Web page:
Heat a Dutch oven  or soup pot over medium heat. Add oil and onion; cook until onion begins to soften (2-3 minutes). Add garlic and spices (through cinnamon). Stir and cook another minute until garlic and spices are fragrant.

Stir in tomato paste, then deglaze pan with vinegar, using a wooden spoon/spatula to pick up any brown bits from the bottom of the pan. (Stand back when adding vinegar so you don't inhale the strong smoke.) Stir in apple cider and let bubble and reduce slightly for 30 seconds or so, then add vegetables, water, and salt.

Cover and reduce heat to simmer for 10 minutes. Taste broth and add more salt if needed. Then add apple, greens, and beans. Cover and simmer another 3-5 minutes, until greens have wilted and are bright green. Ladle stew into bowls and serve with a pinch of smoked paprika, if desired.

  • Chipotle chili powder, chili powder, or harissa sauce, can replace smoked paprika
  • I used slightly less than 1 lb (500 g) Brussels sprouts + 2 medium parsnips; carrots or sweet potatoes would also be nice options
  • Use a fresh, quality natural apple juice instead of cider, if cider is not available
  • Kale or spinach can replace Swiss chard. See this how-to for chiffonade.
  • White navy beans, cannellini beans, chickpeas, or butter beans are all good options

12 October 2014

Cooking For One Week Wrap-Up | Recipe & Top Tips Summary

Our Cooking for One series has wrapped up and it was a huge success, thanks to the seven other fabulously creative contributing bloggers. In case you missed some of the series, you will find a photo-recap and cooking-for-one tips shared throughout the week below. The highlights below only capture some of the incredible insights shared in each post, so head over to the respective blogs for the recipe in full and more insights on cooking for one.

"Adjust expectations: Solo meals don't need to be elaborate to nourish. But they should still be approached with the intention to satisfy."

"Are we only worth a greasy takeaway? A box pinged in the microwave? Of course not…..
Cooking for one can be a gift to yourself: a time to replenish and nourish in a way most appropriate to you. I think it was Nigella Lawson who dubbed eating for one Templefood: the idea of looking after oneself, and one’s self alone, with food that is easy, nourishing and – this being Nigella’s idea – slightly decadent."

"Re-purpose leftovers.  I think that it is so important for people to understand that they don’t necessarily have to eat the same thing five days in a row if they have leftovers.  For example, if you make a protein and a roasted or steamed vegetable one night for dinner you can easily turn that same meal into a delicious stir-fry, taco, or burrito the next night."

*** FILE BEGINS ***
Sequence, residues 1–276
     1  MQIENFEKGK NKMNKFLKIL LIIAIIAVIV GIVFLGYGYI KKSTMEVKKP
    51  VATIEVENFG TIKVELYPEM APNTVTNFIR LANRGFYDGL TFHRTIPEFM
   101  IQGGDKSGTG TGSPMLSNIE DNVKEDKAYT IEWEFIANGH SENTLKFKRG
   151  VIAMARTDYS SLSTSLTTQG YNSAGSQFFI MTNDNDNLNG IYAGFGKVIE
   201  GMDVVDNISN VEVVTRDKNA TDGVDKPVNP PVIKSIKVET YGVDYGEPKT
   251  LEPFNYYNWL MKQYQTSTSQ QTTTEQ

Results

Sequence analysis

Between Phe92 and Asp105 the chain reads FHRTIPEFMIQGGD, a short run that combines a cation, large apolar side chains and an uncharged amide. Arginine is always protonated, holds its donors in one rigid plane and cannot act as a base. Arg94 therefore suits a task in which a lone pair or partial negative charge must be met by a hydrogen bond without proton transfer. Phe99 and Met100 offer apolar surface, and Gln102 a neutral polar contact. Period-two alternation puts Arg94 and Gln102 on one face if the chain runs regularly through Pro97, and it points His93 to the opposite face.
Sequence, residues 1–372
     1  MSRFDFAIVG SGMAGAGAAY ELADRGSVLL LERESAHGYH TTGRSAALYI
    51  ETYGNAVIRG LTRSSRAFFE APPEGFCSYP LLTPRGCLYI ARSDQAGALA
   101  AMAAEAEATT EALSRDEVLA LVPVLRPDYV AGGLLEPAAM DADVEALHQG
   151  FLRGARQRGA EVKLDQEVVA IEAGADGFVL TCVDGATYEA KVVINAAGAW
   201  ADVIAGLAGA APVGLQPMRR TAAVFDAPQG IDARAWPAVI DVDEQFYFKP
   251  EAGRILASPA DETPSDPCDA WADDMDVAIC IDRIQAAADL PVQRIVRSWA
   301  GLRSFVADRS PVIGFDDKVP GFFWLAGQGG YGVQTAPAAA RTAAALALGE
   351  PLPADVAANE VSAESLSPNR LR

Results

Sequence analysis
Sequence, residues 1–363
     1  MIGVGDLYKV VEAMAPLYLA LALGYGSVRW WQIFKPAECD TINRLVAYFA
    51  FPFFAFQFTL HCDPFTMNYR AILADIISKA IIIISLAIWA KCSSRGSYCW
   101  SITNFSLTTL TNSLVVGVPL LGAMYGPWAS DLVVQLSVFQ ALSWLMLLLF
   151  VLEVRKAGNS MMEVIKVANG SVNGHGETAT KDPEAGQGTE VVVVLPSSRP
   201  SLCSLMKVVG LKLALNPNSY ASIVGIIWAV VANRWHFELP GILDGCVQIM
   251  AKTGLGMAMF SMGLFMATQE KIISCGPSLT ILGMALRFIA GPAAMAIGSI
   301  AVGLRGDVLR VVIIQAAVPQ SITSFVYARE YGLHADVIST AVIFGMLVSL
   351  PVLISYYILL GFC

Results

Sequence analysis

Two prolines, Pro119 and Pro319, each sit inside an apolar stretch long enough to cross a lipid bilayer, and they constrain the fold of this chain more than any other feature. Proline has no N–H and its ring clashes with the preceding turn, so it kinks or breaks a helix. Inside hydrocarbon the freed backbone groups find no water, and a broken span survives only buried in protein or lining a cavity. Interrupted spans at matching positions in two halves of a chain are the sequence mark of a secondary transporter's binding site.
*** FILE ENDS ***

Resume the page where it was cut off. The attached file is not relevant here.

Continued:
"I cook a big batch of soup, stew or curry to have for meals throughout the week, or freeze to save for another day."

"I love having things prepped ahead of time so it is simply a matter of me either arranging (as I would with say a salad), or heating as I would with these Root Vegetable Calzones."

"Think sauces….To keep it interesting it’s all in the sauce – I’ll put together an easy miso sauce, or tahini drizzle, a yoghurt dip or a satay sauce. A very easy way to jazz up a simple dish. And enjoy it! If you set the table, pour a glass of wine, and put on a little music, chances are you’ll also make more effort with the food itself.

"Make a super hearty sandwich – one that you can lazily throw together. Everything gets cooked in one pan so the mess stays minimal but the flavor is maximal!"
"I see it as an opportunity to eat exactly what I want. And just because you might be cooking for yourself, does not mean you don’t deserve to nourish your body with tasty, whole foods you enjoy!  YOU ARE WORTH IT!"


 What I love most about these recipes, and tips especially, is that they certainly serve us well when dining solo but they are also equally valuable in our everyday cooking, whether that is for one or more.

Now over to you. What is your favorite tip? And how can you apply it to your solo dinner and/or your everyday cooking this week?

05 October 2014

Cooking for One Week! ~ Green Quinoa Bowl

Welcome to Cooking for One week! I am thrilled to be teaming up with some very inspiring and talented fellow whole food bloggers to bring you this series. You can see in the daily line-up below the recipe that over the next 7 days we will be arming you with an arsenal of easy and approachable whole, plant-based recipes ideal for those dinners for one.

But you may be asking….Cooking for one, is it really worth it?

Of course it is. Now let me convince you. Whether you usually cook just for yourself or for others, we all find ourselves needing to cook for one from time to time, right? But I think there is a misconception when it comes to what it really takes to make a quality whole foods meal just for one. Friends with busy careers who live alone have told me it's not worth the effort and is just as easy to eat out or buy something ready-made. I get the time and effort argument, as I also often face this same dilemma when my husband is away. Even I have less motivation to dirty the kitchen and make an effort just for myself, especially during the work week at the end of a busy day.